Using data from NASA’s Chandra X-ray Observatory and infrared telescopes, astronomers have made an important advance in the understanding of how clusters of stars come into being.
The data show early notions of how star clusters are formed cannot be correct. The simplest idea is stars form into clusters when a giant cloud of gas and dust condenses. The center of the cloud pulls in material from its surroundings until it becomes dense enough to trigger star formation. This process occurs in the center of the cloud first, implying that the stars in the middle of the cluster form first and, therefore, are the oldest.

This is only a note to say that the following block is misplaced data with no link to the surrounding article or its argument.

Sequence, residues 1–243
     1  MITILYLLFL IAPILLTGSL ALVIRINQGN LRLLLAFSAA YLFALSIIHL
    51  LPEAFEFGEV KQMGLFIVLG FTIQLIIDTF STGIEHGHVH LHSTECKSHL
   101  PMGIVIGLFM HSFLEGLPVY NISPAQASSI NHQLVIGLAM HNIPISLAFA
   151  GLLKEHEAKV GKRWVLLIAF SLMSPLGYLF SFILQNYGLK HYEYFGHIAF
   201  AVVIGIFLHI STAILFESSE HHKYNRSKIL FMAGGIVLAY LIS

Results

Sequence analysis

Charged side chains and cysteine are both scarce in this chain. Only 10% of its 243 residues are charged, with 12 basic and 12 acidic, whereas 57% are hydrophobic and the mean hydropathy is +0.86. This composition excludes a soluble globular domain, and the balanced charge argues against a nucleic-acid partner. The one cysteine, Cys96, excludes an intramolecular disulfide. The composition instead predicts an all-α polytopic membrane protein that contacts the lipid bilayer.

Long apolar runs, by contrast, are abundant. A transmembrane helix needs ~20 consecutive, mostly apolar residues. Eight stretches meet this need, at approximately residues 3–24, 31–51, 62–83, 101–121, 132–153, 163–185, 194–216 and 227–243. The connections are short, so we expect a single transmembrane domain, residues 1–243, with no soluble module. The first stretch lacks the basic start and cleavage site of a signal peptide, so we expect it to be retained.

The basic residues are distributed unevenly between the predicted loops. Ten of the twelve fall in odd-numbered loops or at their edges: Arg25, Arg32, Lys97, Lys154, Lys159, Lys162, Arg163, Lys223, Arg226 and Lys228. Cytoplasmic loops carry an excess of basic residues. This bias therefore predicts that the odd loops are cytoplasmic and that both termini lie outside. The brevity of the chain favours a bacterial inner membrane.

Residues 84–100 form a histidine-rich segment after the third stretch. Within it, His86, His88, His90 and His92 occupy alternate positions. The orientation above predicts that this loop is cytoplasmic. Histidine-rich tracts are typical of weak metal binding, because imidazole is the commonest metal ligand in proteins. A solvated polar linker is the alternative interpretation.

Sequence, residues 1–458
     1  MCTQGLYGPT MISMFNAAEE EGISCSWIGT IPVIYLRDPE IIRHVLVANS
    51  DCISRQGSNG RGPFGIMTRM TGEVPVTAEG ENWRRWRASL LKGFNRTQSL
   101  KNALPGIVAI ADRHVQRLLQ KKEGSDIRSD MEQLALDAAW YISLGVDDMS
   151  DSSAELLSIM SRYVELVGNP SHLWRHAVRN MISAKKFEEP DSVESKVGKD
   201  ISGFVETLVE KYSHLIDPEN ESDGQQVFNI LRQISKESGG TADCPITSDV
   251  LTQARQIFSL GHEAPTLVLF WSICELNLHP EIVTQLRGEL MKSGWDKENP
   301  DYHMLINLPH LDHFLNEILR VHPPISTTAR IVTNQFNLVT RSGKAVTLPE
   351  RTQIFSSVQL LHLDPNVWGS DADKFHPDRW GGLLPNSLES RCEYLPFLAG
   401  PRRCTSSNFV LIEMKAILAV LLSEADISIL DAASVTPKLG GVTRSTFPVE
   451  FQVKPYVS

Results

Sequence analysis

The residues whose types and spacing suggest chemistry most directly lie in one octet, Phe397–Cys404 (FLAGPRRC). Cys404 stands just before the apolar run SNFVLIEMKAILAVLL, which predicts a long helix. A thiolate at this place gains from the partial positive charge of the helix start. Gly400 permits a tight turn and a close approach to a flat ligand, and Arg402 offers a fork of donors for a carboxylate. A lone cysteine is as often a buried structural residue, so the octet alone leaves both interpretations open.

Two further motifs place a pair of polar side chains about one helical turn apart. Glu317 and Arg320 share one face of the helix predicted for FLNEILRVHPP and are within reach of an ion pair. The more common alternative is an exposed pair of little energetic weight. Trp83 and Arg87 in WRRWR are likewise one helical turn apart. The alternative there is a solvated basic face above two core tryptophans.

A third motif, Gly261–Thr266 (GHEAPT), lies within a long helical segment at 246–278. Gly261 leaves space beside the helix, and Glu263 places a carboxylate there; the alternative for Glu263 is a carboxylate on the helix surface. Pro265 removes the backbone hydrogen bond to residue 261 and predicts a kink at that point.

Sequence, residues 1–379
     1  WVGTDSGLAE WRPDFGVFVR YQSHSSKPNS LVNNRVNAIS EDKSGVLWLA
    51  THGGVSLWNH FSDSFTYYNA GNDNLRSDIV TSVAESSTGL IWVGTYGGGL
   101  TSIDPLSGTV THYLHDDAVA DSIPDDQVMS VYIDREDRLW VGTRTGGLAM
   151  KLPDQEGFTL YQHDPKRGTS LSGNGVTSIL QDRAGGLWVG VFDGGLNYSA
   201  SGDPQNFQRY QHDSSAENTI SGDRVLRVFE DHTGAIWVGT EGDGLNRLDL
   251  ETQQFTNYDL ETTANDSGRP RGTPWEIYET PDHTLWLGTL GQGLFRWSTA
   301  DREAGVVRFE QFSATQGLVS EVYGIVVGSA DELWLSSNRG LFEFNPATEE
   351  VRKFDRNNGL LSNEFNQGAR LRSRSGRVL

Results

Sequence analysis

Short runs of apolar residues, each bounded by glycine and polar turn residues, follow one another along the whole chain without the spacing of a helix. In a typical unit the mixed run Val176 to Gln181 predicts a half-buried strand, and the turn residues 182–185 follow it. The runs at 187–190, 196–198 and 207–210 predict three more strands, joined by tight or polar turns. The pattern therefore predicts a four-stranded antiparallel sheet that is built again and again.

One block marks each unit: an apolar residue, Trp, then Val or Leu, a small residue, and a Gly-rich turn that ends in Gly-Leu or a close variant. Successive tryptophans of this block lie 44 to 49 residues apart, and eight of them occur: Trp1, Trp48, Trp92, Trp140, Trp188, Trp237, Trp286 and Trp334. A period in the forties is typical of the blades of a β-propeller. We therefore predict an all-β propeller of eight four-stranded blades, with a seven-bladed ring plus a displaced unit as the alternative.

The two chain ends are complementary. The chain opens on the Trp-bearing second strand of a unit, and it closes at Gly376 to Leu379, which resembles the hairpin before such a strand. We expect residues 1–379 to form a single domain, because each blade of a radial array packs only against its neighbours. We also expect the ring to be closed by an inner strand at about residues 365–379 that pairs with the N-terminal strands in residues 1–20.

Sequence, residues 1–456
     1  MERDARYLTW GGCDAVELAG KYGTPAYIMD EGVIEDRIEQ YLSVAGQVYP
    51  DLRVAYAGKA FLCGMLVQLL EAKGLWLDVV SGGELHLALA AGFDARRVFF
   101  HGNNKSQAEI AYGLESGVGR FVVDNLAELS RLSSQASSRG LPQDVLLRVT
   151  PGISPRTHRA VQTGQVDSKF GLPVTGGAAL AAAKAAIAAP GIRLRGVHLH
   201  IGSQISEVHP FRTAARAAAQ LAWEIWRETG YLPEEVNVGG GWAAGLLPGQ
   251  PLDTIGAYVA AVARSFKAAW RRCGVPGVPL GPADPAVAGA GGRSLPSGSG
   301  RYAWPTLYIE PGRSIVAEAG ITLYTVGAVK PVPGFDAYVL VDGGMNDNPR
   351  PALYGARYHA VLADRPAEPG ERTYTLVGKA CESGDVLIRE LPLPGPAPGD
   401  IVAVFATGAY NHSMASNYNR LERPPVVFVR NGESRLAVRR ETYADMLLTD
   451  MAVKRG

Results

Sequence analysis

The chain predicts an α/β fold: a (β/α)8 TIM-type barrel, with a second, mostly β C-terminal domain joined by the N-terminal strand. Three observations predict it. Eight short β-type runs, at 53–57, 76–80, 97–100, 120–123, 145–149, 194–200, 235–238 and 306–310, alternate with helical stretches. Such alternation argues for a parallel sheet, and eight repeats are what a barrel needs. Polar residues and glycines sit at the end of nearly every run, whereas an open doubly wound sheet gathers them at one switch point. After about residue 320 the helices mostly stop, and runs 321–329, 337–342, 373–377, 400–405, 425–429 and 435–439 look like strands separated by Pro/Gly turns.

However, the latest data from Chandra suggest something else is happening. Researchers studied two clusters where sun-like stars currently are forming – NGC 2024, located in the center of the Flame Nebula, and the Orion Nebula Cluster. From this study, they discovered the stars on the outskirts of the clusters actually are the oldest.